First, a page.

Title

Social Determinants of Health and At-Risk Rates for Pediatric Asthma Morbidity

Document Type

Journal Article

Publication Date

8-1-2022

Journal

Pediatrics

Volume

150

Issue

2

DOI

10.1542/peds.2021-055570

Abstract

BACKGROUND AND OBJECTIVES: Compared with population-based rates, at-risk rates (ARRs) account for underlying variations of asthma prevalence. When applied with geospatial analysis, ARRs may facilitate more accurate evaluations of the contribution of place-based social determinants of health (SDOH) to pediatric asthma morbidity. Our objectives were to calculate ARRs for pediatric asthma-related emergency department (ED) encounters and hospitalizations by census-tract in Washington, the District of Columbia (DC) and evaluate their associations with SDOH. METHODS: This population-based, cross-sectional study identified children with asthma, 2 to 17 years old, living in DC, and included in the DC Pediatric Asthma Registry from January 2018 to December 2019. ED encounter and hospitalization ARRs (outcomes) were calculated for each DC census-tract. Five census-tract variables (exposures) were selected by using the Healthy People 2030 SDOH framework: educational attainment, vacant housing, violent crime, limited English proficiency, and families living in poverty. RESULTS: During the study period, 4321 children had 7515 ED encounters; 1182 children had 1588 hospitalizations. ARRs varied 10-fold across census-tracts for both ED encounters (64-728 per 1000 children with asthma) and hospitalizations (20-240 per 1000 children with asthma). In adjusted analyses, decreased educational attainment was significantly associated with ARRs for ED encounters (estimate 12.1, 95% confidence interval [CI] 8.4 to 15.8, P <.001) and hospitalizations (estimate 1.2, 95% CI 0.2 to 2.2, P = .016). Violent crime was significantly associated with ARRs for ED encounters (estimate 35.3, 95% CI 10.2 to 60.4, P = .006). CONCLUSION: Place-based interventions addressing SDOH may be an opportunity to reduce asthma morbidity among children with asthma.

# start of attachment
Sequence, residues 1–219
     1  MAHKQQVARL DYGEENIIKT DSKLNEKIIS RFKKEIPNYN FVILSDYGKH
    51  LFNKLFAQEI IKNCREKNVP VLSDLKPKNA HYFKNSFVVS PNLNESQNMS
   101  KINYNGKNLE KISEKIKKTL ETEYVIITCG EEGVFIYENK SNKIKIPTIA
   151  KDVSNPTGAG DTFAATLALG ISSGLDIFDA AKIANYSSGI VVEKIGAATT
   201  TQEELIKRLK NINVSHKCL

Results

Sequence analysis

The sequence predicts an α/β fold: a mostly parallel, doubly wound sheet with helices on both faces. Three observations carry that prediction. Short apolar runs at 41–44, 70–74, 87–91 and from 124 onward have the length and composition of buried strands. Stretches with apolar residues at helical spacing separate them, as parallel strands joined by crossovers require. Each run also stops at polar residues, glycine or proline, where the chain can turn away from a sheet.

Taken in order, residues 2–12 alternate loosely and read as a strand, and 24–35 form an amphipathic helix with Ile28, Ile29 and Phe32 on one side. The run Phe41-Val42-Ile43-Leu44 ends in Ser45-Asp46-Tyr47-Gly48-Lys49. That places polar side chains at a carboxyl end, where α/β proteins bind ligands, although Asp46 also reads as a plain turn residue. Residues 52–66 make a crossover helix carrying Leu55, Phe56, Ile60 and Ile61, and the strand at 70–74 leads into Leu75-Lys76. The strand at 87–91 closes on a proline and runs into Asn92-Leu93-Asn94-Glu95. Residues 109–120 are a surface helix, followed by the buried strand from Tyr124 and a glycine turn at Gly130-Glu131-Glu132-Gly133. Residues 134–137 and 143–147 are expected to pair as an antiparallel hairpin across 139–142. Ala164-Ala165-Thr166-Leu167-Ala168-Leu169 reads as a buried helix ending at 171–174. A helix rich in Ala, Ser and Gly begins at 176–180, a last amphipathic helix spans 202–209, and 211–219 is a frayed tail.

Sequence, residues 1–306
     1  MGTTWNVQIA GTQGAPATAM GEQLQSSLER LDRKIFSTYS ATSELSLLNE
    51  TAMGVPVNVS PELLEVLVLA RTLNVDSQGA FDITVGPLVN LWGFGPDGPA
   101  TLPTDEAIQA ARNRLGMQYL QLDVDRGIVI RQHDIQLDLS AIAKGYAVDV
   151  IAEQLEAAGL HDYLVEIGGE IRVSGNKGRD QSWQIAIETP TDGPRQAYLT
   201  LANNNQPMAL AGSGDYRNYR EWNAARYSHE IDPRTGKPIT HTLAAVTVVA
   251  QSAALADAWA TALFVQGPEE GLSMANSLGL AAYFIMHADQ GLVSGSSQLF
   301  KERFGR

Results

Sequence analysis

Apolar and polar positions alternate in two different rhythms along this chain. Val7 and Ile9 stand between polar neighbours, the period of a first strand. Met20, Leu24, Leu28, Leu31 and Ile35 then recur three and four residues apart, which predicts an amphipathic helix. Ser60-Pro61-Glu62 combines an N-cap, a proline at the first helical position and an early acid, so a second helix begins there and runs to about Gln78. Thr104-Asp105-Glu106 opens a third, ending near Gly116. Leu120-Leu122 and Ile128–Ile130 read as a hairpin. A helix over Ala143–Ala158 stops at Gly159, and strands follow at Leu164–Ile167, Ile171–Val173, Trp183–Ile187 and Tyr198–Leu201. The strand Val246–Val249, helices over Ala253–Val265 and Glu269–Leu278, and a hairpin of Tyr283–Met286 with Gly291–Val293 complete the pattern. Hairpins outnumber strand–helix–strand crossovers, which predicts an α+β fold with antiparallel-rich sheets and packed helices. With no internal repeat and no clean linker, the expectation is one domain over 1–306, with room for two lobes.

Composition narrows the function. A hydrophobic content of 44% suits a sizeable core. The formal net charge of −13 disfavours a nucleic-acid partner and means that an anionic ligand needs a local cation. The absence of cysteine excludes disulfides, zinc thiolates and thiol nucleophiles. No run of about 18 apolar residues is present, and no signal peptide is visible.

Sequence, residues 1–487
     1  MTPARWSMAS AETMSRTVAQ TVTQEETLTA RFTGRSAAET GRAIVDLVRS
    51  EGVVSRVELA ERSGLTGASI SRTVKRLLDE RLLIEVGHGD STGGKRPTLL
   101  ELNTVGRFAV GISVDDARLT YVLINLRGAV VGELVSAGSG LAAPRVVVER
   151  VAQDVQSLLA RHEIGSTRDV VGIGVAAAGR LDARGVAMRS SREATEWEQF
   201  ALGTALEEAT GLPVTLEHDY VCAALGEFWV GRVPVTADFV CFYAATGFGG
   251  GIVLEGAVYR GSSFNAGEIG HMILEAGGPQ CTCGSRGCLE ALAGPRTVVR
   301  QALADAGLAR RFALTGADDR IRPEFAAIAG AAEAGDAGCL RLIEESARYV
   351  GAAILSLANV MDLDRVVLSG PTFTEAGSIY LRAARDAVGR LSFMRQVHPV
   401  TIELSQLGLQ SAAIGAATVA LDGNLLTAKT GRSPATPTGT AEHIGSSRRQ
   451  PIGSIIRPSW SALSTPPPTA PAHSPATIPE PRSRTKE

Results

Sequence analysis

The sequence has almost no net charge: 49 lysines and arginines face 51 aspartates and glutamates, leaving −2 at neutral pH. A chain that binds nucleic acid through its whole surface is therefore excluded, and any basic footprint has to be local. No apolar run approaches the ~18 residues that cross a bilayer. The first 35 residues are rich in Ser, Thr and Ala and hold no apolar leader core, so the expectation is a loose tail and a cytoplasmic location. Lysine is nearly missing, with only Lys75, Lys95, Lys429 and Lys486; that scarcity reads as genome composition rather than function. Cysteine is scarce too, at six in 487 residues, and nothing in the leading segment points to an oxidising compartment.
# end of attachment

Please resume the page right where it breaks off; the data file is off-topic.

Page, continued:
Department

Pediatrics

COinS